From curator Rozanne Gold: This scrumptious recipe was submitted to Handwritten by Dale Bellisfield. From a fabulous career as one of New York’s premier graphic designers, she transformed herself into a clinical herbalist (and holistic nurse) who now makes her home in Pine, Arizona. Dale has a practice in integrative medicine and, like Hippocrates, thinks of food as medicine. She is a wonderful cook who once created a dish of black rice with gorgonzola, porcini and espresso for me. I am so grateful to have her wonderful mother’s handwritten recipe, and to share Dale’s memories. www.herbaldale.com
Sue Inoff's Double Crust Lemon Pie by Dale Bellisfield
I just dug this out of my overstuffed, seven-inch-thick file, a jumble of recipes I've been gathering over the past two years as inspirations for a “breast health” cookbook I’m working on. It fell out of the file so easily, it was like my Mom was saying hello. This copy of the recipe was meant for my two sisters, Joanne and Sally, and me. And it is one I will happily share with my daughter Samantha, and now with all of you!
My mother’s Double Crust Lemon Pie was her signature, and our favorite among many of her delicious home-made dishes. She was an adventurous and excellent cook, and a foodie before there was even such a designation. Much to my Dad's anxiety, though, she loved to experiment with new recipes whenever they hosted an event — be it birthday party, July 4th gathering, Thanksgiving dinner, family home-coming, baby shower, whatever. Although I never caught a whiff of any failures, this one was an experimental blockbuster-turned-mainstream, with many repeated command performances. And it never made Dad anxious.
Only Mom complained about it. She would rail about how time-consuming it was to slice those lemons "paper thin" after having grated and peeled them. And about the effort of making the two crusts it needed. But we didn't really care. We were only consumed with selfish greed about devouring that pie sometime in the very near future. Please, Mom??
This particular dessert was most often associated with our annual "crab fest" dinner, held in the hot Maryland summer at my folks' house. It was a big gathering of friends, neighbors and family that filled our entire basement. And it celebrated the peak of Maryland’s blue crab season. Every year we looked forward to the slimy, messy ritual of cracking open those bright red, steaming-hot, juicy crabs onto tables covered with layers of newspaper to absorb the excitement and the entrails. No plates.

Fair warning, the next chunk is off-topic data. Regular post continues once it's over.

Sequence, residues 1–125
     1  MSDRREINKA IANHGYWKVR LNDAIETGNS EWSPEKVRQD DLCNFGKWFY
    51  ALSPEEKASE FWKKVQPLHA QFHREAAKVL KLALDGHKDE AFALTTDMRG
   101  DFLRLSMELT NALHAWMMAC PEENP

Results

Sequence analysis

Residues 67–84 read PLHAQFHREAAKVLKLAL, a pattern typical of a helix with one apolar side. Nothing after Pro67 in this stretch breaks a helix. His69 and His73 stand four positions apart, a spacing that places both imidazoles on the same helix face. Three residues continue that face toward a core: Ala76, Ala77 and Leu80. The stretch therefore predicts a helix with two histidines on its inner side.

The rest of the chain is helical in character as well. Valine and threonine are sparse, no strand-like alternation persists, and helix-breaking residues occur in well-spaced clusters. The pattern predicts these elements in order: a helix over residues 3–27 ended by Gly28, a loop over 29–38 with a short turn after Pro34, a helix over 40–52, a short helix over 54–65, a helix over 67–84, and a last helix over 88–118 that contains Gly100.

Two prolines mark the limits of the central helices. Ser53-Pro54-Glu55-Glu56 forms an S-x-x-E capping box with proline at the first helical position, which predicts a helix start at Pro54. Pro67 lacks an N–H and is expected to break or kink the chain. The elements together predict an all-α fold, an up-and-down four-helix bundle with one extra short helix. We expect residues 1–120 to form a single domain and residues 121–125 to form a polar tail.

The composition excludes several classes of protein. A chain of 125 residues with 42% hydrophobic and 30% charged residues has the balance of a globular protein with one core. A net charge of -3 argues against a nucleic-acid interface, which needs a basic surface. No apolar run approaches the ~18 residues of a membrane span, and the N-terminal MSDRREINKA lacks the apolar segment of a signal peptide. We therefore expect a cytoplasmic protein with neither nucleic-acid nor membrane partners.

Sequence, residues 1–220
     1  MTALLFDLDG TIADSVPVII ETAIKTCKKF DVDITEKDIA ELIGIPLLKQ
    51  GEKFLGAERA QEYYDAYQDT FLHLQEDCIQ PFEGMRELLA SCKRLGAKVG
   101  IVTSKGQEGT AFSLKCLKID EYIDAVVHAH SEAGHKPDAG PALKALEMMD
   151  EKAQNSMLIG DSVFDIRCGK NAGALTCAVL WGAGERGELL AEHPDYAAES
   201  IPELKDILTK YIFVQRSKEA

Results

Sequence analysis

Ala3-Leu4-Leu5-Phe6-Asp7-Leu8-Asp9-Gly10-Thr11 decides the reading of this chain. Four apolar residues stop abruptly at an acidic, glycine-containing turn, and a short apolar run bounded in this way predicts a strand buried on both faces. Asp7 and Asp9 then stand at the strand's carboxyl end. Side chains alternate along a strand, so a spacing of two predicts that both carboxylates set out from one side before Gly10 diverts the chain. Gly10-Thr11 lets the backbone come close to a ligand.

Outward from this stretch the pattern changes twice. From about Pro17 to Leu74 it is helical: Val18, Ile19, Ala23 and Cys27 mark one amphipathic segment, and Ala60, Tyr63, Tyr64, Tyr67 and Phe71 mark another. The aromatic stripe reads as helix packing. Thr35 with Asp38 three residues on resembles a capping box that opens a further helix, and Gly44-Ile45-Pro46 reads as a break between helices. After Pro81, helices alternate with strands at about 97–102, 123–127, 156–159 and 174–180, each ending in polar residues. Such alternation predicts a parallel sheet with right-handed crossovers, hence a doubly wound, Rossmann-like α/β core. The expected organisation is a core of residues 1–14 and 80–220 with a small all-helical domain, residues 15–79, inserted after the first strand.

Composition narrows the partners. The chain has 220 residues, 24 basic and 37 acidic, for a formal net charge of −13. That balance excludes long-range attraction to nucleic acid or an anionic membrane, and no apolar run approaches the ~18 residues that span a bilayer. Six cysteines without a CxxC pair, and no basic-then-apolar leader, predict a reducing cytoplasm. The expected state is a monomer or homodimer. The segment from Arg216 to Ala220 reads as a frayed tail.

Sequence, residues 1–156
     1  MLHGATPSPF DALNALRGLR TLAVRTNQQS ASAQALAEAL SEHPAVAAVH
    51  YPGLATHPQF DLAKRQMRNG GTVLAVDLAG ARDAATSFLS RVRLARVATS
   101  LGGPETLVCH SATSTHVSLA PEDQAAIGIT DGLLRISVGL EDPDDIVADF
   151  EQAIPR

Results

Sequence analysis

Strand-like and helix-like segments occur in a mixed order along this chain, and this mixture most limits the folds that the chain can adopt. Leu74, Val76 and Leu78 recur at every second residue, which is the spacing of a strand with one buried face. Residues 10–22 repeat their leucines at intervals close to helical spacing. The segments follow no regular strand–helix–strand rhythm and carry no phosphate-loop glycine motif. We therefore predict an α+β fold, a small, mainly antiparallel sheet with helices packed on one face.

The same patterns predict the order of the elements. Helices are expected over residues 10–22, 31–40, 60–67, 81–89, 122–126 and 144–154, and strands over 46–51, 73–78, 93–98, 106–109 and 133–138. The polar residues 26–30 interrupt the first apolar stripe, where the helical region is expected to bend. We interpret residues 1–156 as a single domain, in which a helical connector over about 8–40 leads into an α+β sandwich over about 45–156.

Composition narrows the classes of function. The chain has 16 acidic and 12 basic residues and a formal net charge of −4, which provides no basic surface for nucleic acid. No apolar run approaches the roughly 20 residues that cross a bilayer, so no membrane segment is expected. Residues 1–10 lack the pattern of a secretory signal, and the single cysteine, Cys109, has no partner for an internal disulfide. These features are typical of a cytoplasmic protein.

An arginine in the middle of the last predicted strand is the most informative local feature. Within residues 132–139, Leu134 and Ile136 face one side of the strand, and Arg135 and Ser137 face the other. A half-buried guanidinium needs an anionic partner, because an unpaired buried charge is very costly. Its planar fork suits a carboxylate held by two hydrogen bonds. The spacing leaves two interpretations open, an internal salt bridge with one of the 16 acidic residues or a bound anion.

There was a certain skill to separating the sweet, briny crabmeat from their tenacious salt and spice-encrusted shells. And as you cracked open the claws, and then sucked out the shell fragments to catch whatever fleshy morsels might still remain, your mouth/eyes/sinuses all dripped from the inescapable fiery spices caked on the shells, on your fingers, on your napkin and on your beer. But we knew relief was coming.
The lemon pie. This made it all calm down — the lemony sweetness of the creamy filling, the hit of those paper thin, gloriously tart lemon slices suspended within it, and the cinnamon-y crust. They formed the most exquisite combo of flavors that perfectly balanced the intensity of the spiced crabs and beer. More than 30 years have passed since I last ate that pie. But I can taste it still. Suddenly it feels like it’s summer.
Sue Inoff's Double Crust Lemon Pie
2-1/2 cups sugar
4 tablespoons flour
1/4 teaspoon salt
1/2 cup butter, room temperature
6 eggs (reserve 1 teaspoon egg white for top crust)
3 large lemons
1/2 cup lemon juice
(squeeze from additional lemons)
1/2 cup water
cinnamon-sugar for sprinkling
1. Preheat oven to 400 degrees.
2. Roll out bottom crust into pie tin.
3. In a mixing bowl, add sugar, flour and salt. Blend in butter and eggs until well mixed. Grate lemons to get 2 teaspoon zest. Add to bowl.
4. Cut rind and white pith from 3 lemons and slice lemons very thin. Add lemon slices to bowl with lemon juice (squeezed from additional lemons) and water. Stir well and pour into bottom crust.
5. Cover with top crust, sealing (I dampen bottom crust edge) and fluting edge. Brush top pie crust with egg white and sprinkle with cinnamon and sugar.
6. Bake for 30 to 40 minutes.
** Note from RG: Prepare enough pie crust for a deep-dish 9 or 10” pie, top and bottom crust. Place pie on baking sheet. Let cool before serving.